"In the Name of Peace: John Hume in America" shows how the legendary Derry politician John Hume was inspired by the American Civil Rights movement to harness the power of Irish America to help bring peace to Northern Ireland.

On Saint Patrick's Day 2021, a documentary will air on PBS in the US which explores the life and achievements of Derry-born Noble Prize winner and architect of the Northern Irish peace process, John Hume.

In director Maurice Fitzpatrick's view, Hume “did more to create a new Ireland than anyone else, and his death last August caused a lot of us to reflect on what his legacy is.” 

It's important younger people understand just how difficult that peace was to forge, just how hard it was to achieve an inclusive politics in the North, Fitzpatrick says. In this new era of Brexit strife, they also need to be reminded of how precious all that is. 

“The key takeaway from my documentary is to keep struggling to find ways to retain peace. It's very easy to lose, it's very hard to regain. I think Hume's example is second to none in that respect. He is the person par excellence who represents the fight, the drive, for a constructive political reform in Ireland.”

Reminding us of the high-level access that Hume enjoyed at the White House and on Capitol Hill from the 1970's onward, Fitzpatrick has assembled two former U.S. presidents, two former Taoiseach, and two former U.K. prime ministers (and of course Bono) to reflect on just how much Hume's word was respected by world leaders.

What made Hume such a gifted negotiator was the array of talents he had. Leadership was foremost among them, but he also had tremendous intellectual confidence and confidence in his analysis of the political situation. 

Early in the 1970s in a crucial meeting, he persuaded Teddy Kennedy that there was indeed a way for him to become constructively involved in Irish politics. “And out of that grew what we now call the four horsemen: Senator Edward Kennedy, House Speaker ‘Tip’ O’Neill, Senator Daniel Patrick Moynihan, and New York governor Hugh Carey,” says Fitzpatrick.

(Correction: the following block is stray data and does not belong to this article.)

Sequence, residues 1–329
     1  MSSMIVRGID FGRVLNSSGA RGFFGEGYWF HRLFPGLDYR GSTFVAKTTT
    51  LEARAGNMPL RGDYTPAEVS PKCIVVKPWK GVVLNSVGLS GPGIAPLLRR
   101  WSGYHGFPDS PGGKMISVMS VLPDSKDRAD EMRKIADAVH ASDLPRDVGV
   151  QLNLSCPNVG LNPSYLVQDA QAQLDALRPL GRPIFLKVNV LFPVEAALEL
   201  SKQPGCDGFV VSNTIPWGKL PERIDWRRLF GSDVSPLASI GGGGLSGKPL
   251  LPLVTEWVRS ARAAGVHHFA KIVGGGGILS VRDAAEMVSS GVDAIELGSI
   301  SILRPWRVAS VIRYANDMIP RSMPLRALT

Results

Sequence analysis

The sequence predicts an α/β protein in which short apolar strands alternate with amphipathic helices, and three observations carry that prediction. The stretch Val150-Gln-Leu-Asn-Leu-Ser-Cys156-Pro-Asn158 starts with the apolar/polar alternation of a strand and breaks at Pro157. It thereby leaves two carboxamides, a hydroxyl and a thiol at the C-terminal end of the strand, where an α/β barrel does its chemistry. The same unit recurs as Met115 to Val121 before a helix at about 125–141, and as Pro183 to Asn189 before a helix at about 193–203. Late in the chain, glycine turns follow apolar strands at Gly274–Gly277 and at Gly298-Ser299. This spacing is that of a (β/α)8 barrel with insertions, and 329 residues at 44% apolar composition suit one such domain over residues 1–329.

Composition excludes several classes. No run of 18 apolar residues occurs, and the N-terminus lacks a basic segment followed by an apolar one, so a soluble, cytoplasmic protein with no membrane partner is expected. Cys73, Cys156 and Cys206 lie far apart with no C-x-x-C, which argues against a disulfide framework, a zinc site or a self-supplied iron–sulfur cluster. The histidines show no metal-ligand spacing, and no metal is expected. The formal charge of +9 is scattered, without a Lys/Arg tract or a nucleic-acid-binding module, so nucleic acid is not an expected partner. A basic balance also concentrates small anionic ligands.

Between them, they represented the axis of power in America and Hume had expertly pulled them into his orbit, turning them into a lobby group for Irish interests both in the U.S. and overseas.

Out of that grouping – and celebrating its 40th anniversary this year – arose the Friends of Ireland group. “Hume was able to be the glue that would bring it all together and form this very important alliance with the United States."

"Let's remember that he had also been elected to the UK parliament and the European parliament. So he operated in different spheres, but he understood power politics extremely well. And he was able to see that this untapped goodwill that existed at the federal level in the United States was a very important power he needed to use and to use well. That's really, I suppose the story of John here in America.”

Soon people like prime minister Margaret Thatcher were feeling the unexpected effects of this political power. “There was one thing that she would answer to and that was a superior political force. That force came not through president Ronald Reagan himself, but through the Congress standing behind him. She later admitted that she would not have signed the Anglo Irish Agreement without the pressure coming from the United States.